SouthGobi Resources Ltd. said Jan. 8 that the Hong Kong Stock Exchange asked it to investigate the conduct of former senior executives that "raises suspicions of serious fraud, misappropriation of company assets and other criminals acts" between 2016 and the first half of 2018.
The exchange told SouthGobi on Jan. 3 that it could lose its Hong Kong listing if it fails to address the concerns related to "suspicious transactions" involving subsidiary Inner Mongolia SouthGobi Energy Co. Ltd. and unspecified "coal trading and transportation companies" allegedly linked to or controlled by former management and employees.
The coal mining company's shares have been suspended from trading in Hong Kong and on the Toronto Stock Exchange since December 2018, pending the resolution of the issues.
SouthGobi had said it reported some of the suspicious transactions to Chinese authorities. Meanwhile, the company, which owns the Ovoot Tolgoi coal mine in southern Mongolia, expanded the mandate of a special committee of its independent directors to look into the matter.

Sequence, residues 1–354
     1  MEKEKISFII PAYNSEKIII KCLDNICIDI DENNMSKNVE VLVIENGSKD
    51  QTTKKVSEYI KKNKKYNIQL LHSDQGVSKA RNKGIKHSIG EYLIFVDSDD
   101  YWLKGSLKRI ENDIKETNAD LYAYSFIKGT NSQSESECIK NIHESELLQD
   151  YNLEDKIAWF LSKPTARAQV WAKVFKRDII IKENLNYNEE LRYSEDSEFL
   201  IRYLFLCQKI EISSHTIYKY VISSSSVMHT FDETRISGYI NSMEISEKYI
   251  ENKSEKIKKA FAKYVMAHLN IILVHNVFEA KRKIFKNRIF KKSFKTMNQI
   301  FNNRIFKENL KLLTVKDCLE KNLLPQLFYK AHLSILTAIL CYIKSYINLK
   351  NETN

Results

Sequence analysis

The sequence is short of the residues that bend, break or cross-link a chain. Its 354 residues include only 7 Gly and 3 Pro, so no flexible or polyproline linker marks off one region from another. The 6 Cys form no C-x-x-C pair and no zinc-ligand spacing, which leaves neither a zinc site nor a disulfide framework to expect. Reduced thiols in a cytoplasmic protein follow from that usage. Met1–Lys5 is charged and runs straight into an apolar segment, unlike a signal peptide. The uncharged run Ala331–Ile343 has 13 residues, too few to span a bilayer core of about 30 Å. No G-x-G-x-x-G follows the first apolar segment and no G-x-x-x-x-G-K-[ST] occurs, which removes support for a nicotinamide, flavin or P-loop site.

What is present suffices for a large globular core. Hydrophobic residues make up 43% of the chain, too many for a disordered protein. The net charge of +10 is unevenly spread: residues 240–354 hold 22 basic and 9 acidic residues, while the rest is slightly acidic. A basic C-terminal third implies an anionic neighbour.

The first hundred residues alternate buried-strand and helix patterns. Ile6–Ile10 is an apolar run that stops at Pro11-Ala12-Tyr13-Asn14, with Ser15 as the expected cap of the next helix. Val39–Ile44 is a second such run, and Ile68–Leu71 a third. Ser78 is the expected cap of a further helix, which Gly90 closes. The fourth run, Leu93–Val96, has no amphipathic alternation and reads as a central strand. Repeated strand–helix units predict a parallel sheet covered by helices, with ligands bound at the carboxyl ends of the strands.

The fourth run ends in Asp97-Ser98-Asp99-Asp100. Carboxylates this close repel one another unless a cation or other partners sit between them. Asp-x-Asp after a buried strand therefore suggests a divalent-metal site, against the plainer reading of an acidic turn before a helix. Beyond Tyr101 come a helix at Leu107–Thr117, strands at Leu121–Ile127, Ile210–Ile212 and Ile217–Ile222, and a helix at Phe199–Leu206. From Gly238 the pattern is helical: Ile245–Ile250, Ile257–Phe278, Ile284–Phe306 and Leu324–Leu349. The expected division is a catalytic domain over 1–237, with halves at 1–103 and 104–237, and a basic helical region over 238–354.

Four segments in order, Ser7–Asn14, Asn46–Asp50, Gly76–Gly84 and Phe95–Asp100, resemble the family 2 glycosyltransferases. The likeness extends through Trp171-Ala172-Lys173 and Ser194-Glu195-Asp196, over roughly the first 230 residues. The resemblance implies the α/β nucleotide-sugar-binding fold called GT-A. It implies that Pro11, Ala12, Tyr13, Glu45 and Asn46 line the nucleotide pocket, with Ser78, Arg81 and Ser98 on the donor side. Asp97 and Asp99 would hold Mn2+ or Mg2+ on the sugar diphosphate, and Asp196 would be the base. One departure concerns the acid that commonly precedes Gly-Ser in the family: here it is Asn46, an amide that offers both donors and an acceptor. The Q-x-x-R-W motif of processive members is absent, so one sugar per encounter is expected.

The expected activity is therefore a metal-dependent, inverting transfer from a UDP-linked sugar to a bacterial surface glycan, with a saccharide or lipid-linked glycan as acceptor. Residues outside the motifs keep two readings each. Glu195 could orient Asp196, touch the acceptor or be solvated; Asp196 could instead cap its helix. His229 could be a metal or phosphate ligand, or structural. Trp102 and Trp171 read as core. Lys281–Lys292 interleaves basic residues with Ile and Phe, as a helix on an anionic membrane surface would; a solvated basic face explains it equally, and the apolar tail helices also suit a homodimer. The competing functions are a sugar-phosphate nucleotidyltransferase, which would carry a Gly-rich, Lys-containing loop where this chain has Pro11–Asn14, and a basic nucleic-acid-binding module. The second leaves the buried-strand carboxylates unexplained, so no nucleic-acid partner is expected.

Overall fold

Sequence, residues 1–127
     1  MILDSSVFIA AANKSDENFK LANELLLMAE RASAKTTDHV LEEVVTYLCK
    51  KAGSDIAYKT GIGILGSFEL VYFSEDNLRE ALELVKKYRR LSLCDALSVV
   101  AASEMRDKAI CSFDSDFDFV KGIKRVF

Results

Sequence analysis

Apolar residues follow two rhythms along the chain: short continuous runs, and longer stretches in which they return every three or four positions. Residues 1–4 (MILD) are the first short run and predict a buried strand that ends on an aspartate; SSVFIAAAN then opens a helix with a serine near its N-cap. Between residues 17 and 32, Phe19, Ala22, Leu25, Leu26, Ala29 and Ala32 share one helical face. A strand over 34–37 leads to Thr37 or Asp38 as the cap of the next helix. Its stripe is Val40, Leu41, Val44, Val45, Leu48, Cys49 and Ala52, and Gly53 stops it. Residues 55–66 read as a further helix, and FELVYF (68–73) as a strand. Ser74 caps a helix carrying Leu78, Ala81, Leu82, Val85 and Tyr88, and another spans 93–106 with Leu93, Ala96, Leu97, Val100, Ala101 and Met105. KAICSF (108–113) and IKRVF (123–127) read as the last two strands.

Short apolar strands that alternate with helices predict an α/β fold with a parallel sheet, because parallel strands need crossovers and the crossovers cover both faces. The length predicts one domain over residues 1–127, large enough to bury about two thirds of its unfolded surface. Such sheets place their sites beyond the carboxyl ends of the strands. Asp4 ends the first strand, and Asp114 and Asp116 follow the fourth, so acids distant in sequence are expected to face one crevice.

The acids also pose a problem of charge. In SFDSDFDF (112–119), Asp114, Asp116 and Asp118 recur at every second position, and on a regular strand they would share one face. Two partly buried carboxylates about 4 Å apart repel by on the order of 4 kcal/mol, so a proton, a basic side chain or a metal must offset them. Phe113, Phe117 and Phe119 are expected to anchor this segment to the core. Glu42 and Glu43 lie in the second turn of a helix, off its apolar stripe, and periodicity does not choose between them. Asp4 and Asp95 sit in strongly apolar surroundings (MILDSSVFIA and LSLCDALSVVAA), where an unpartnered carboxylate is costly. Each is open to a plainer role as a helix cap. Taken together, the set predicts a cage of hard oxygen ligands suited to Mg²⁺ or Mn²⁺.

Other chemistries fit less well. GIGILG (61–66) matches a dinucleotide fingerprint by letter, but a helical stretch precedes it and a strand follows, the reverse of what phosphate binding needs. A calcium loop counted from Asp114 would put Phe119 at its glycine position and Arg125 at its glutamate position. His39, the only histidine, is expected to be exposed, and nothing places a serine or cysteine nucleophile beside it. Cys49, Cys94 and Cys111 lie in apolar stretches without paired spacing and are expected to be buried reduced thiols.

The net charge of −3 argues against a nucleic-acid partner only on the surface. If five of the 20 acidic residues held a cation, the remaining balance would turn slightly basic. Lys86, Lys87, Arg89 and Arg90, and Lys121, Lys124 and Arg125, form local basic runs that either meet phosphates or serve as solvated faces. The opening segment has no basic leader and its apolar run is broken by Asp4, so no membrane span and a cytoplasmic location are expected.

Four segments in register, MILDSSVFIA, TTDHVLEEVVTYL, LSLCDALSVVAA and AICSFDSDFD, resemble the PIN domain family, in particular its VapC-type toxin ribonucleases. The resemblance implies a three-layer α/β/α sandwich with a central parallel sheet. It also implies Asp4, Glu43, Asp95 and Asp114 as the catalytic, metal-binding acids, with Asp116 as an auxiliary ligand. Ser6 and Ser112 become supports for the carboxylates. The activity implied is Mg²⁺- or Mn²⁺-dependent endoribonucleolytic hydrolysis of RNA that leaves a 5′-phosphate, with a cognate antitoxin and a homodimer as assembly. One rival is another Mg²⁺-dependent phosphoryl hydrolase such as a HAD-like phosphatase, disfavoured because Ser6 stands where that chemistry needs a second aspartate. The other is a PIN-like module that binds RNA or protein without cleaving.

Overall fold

The special committee was originally formed in November 2017 in response to the arrest of former CEO and Chairman Aminbuhe on suspicion of fraud in China. He was subsequently fired from his post and removed as chairman.
The committee expects to engage forensic accounting experts to assist with its internal investigation on or before Jan. 11 and aims to complete the probe by the middle of March, SouthGobi said.
SouthGobi needs to disclose the findings of its investigation, take remedial action and inform the market of all material information for its shares to resume trading in Hong Kong, according to the statement.
The coal miner said it defaulted on its debt to China Investment Corp. after previously defaulting on agreements with the sovereign wealth fund in May 2018.